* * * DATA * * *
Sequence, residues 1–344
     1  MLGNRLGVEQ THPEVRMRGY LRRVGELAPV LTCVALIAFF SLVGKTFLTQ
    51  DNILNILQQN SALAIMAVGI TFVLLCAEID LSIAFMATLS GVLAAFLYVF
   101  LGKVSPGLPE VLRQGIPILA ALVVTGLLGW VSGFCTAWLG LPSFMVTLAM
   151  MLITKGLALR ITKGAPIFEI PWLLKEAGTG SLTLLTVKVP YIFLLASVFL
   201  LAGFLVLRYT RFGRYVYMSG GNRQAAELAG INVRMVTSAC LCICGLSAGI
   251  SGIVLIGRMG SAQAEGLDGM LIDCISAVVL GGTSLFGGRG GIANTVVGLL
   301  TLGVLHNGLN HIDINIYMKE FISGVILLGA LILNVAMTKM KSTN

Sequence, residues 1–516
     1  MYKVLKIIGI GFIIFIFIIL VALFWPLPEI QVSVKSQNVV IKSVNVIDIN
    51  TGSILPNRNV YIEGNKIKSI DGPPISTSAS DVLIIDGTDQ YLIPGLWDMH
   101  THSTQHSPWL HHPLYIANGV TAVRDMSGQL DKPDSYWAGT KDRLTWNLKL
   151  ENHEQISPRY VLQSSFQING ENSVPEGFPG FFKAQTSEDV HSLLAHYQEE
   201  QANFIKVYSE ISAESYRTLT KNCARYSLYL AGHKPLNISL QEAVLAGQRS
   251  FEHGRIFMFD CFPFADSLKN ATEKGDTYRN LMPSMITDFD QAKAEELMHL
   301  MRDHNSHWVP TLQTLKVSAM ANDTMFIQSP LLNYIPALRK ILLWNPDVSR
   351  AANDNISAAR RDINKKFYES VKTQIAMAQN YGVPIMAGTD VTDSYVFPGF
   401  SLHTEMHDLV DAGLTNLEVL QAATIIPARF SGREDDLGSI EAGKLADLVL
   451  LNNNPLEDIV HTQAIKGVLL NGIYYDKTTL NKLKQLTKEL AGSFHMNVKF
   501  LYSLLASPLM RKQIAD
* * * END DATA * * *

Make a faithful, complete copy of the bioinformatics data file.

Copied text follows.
Sequence, residues 1–344
     1  MLGNRLGVEQ THPEVRMRGY LRRVGELAPV LTCVALIAFF SLVGKTFLTQ
    51  DNILNILQQN SALAIMAVGI TFVLLCAEID LSIAFMATLS GVLAAFLYVF
   101  LGKVSPGLPE VLRQGIPILA ALVVTGLLGW VSGFCTAWLG LPSFMVTLAM
   151  MLITKGLALR ITKGAPIFEI PWLLKEAGTG SLTLLTVKVP YIFLLASVFL
   201  LAGFLVLRYT RFGRYVYMSG GNRQAAELAG INVRMVTSAC LCICGLSAGI
   251  SGIVLIGRMG SAQAEGLDGM LIDCISAVVL GGTSLFGGRG GIANTVVGLL
   301  TLGVLHNGLN HIDINIYMKE FISGVILLGA LILNVAMTKM KSTN

Sequence, residues 1–516
     1  MYKVLKIIGI GFIIFIFIIL VALFWPLPEI QVSVKSQNVV IKSVNVIDIN
    51  TGSILPNRNV YIEGNKIKSI DGPPISTSAS DVLIIDGTDQ YLIPGLWDMH
   101  THSTQHSPWL HHPLYIANGV TAVRDMSGQL DKPDSYWAGT KDRLTWNLKL
   151  ENHEQISPRY VLQSSFQING ENSVPEGFPG FFKAQTSEDV HSLLAHYQEE
   201  QANFIKVYSE ISAESYRTLT KNCARYSLYL AGHKPLNISL QEAVLAGQRS
   251  FEHGRIFMFD CFPFADSLKN ATEKGDTYRN LMPSMITDFD QAKAEELMHL
   301  MRDHNSHWVP TLQTLKVSAM ANDTMFIQSP LLNYIPALRK ILLWNPDVSR
   351  AANDNISAAR RDINKKFYES VKTQIAMAQN YGVPIMAGTD VTDSYVFPGF
   401  SLHTEMHDLV DAGLTNLEVL QAATIIPARF SGREDDLGSI EAGKLADLVL
   451  LNNNPLEDIV HTQAIKGVLL NGIYYDKTTL NKLKQLTKEL AGSFHMNVKF
   501  LYSLLASPLM RKQIAD